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<p><BR/>Replying to:<BR/><DIV CLASS='Discussion_PostQuote'>after looking into this, it is clear that there are HUNDREDS of objects floating in space that regularly come within site of one another. Actually it is thousands. This is totally amazing. All of the Cosmos vehicles are nuclear, and they come up in these searches regularly. All sorts of things, most of which cannot move on their own. If a nuclear satellite strikes another object in space, would we ever really know?&nbsp; <br /> Posted by job1207</DIV></p><p>Minor correction: the Cosmos designator is actually pretty generic.&nbsp; There are military recon satellites, civilian research satellites, and even a lot of failed deep space probes which carry the name.&nbsp; In general, the name would be put onto any Earth-orbiting science spacecraft, and any spacecraft where the Russians didn't want to say what it really was.&nbsp; That includes spysats, but it also includes a whole fleet of interplanetary spacecraft which failed to leave Earth orbit.</p><p>If a nulcear satellite strikes another object, would we know?&nbsp; Depends mostly on the size of the impactor.&nbsp; All objects above a certain size are tracked by radar, and this would make it possible to tell when an impact occured, as long as it wasn't something like a paint chip punching through some foil or something similarly minor.&nbsp; Of course, one must also remember that we can't be 100% sure US Space Command actually knows which objects are nuclear and which are not . . . . </p> <div class="Discussion_UserSignature"> <p> </p><p><font color="#666699"><em>"People assume that time is a strict progression of cause to effect, but actually from a non-linear, non-subjective viewpoint it's more like a big ball of wibbly wobbly . . . timey wimey . . . stuff."</em>  -- The Tenth Doctor, "Blink"</font></p> </div>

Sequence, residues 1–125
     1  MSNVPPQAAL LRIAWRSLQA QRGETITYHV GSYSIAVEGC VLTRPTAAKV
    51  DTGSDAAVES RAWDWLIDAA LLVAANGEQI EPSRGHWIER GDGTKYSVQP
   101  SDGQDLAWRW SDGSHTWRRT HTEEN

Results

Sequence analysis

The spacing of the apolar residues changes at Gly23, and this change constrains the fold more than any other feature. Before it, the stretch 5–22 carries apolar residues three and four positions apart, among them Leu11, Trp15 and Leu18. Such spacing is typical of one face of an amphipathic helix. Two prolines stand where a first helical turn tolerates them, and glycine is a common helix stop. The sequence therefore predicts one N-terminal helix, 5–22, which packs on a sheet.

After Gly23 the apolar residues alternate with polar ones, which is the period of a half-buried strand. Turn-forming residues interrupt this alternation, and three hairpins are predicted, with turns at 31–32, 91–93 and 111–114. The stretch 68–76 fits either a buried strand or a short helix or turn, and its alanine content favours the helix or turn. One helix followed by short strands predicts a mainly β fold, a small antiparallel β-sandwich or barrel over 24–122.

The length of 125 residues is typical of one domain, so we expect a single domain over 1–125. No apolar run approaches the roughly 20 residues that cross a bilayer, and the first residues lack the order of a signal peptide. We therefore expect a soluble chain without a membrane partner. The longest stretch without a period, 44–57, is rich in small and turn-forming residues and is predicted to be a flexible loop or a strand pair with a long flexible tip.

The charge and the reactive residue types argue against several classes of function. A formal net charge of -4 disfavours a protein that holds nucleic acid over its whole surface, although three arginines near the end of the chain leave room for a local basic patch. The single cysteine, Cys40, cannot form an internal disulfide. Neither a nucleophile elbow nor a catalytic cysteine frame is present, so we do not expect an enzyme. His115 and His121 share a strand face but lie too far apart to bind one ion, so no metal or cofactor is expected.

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job1207